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How to Say Cat in 10 Different Languages (With Pronunciations)

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By Nicole Cosgrove

gray cat with sombrero and maracas

Cats, our furry feline companions, have been beloved pets across the globe for centuries. They’ve captured the hearts of people in numerous countries, and it’s no wonder that the word ‘cat’ exists in countless languages.

In this guide, we’ll explore how to say ‘cat’ in 10 different languages, complete with pronunciation tips. Whether you’re a language enthusiast, a cat lover, or simply curious, this linguistic journey is sure to be an exciting one. So, let’s dive into the world of cats and languages!

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How to Say Cat in 10 Different Languages:

1. Spanish: Gato

The Spanish word for cat is “gato” (said: GAH-toh). A Romance language hailing from the Iberian Peninsula, millions of people worldwide can now speak this beautiful tongue.

When saying “gato” out loud, keep in mind to sound the “g” like you would when saying its English counterpart, “Go!” Give a slight emphasis on your pronunciation of the second letter as well, which should be said with an assertive tone.


2. French: Chat

For anyone looking to traverse the world, French is an invaluable language. A notable example of its utility can be found in its word for cat—“chat” (SHA). The English speakers among us will recognize the similarity between this and the English “sh” sound, with a silent “t” at the end.

Not only is it widely spoken in France itself, but also used officially across numerous other nations, as well!

cat in france
Photo Credit: Pixabay

3. German: Katze

When speaking in German, the word for “cat” is “katze” (KAHT-suh). One of the many languages from the Indo-European language family, German resides predominantly in Germany, Austria, and Switzerland.

For optimal pronunciation, when saying “Katze,” stress its first syllable and articulate a “ts” sound for its last letter.


4. Mandarin Chinese: Māo

Mandarin, the most widespread language on earth and China’s official tongue, uses māo as its word for cat. Pronounced māo in a high-level first-tone pitch, this character is written using simplified Chinese notation. Interestingly, it’s almost like saying “meow” but without pronouncing the “e.”

Marble Bengal
Photo Credit: Jane Koshchina, Shutterstock

5. Japanese: Neko

In Japanese, the word for cat is “NEH-ko,” carefully emphasizing the first syllable. Not only is this language spoken in Japan, but its writing system stands out from many others with three distinct styles—kanji, hiragana, and katakana. The written form of “neko” uses kanji characters that reflect its pronunciation when said correctly.


6. Russian: Koshka

The Russian word for cat is ‘кошка’ (KOHSH-kuh), a term belonging to the East Slavic language family spoken in Russia and many of its bordering countries.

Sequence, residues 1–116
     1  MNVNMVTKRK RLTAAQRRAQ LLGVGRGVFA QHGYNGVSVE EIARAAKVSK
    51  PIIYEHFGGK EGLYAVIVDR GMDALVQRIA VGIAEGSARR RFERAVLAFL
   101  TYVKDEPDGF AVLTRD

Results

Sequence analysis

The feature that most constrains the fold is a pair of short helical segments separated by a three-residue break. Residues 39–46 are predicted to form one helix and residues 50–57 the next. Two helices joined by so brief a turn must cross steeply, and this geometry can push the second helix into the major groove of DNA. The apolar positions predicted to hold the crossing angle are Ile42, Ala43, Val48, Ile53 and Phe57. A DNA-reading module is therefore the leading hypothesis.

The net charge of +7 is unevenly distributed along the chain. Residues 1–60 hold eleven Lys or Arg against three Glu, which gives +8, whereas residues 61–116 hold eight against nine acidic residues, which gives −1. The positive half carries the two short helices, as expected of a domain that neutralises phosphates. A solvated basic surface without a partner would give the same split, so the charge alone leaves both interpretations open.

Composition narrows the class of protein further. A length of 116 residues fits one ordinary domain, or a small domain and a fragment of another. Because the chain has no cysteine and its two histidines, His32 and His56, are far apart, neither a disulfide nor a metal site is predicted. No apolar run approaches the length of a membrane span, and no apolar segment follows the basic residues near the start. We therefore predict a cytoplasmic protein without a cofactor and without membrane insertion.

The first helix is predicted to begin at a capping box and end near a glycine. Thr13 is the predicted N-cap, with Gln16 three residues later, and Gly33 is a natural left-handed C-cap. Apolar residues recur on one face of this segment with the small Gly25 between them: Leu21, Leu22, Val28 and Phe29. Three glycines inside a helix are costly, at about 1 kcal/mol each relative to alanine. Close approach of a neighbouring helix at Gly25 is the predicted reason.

Pronounce it by emphasizing the first syllable’s stress while making a “sh” sound within the middle part. Note that this particular phrase is written in Cyrillic script.

Russian Blue cat twins
Photo Credit: Anneken Prsck, Shutterstock

7. Kiswahili: Paka

This East African language is spoken in over 14 countries. That means around 200 million people speak Kiswahili, making it important to know how to say cat: paka (PA-ka). Speakers would emphasize the first syllable (pa).


8. Yoruba: Ológbò

Yoruba is widely spoken around West Africa, predominantly in Nigeria. So, if you are ever in that region and you hear someone calling “ológbò” (o-lung-bo), they are calling for their pet cat.

Kurilian bobtail russian cat walking outdoor in the forest
Image Credit: Natalia Fedosova, Shutterstock

9. Navajo: Mósí

The Navajo people of the United States strive to keep their language alive, as it is considered “vulnerable”. To help educate people about this language, why not learn the Navajo word for cat: mósí (mo-SAY). There is a slight emphasis on the second syllable.


10. Arabic: Qitta

Lastly, in Arabic, the word for cat is pronounced: KEET-ta. Arabic is a Semitic language spoken in various countries across the Middle East and North Africa. When saying “qitta,” make sure to emphasize the first syllable and pronounce the “q” as a deeper “k” sound.

Image Credit: Caleb Woods, Unsplash

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Conclusion

Now you know how to say “cat” in 10 different languages! This fun linguistic journey has taken us across the globe, showcasing the linguistic diversity and beauty of the word for our beloved feline friends.

Whether you’re traveling or simply looking to expand your linguistic range, knowing these basic words can help you make meaningful connections with those around you!

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Featured Image Credit: Pixel-Shot, Shutterstock

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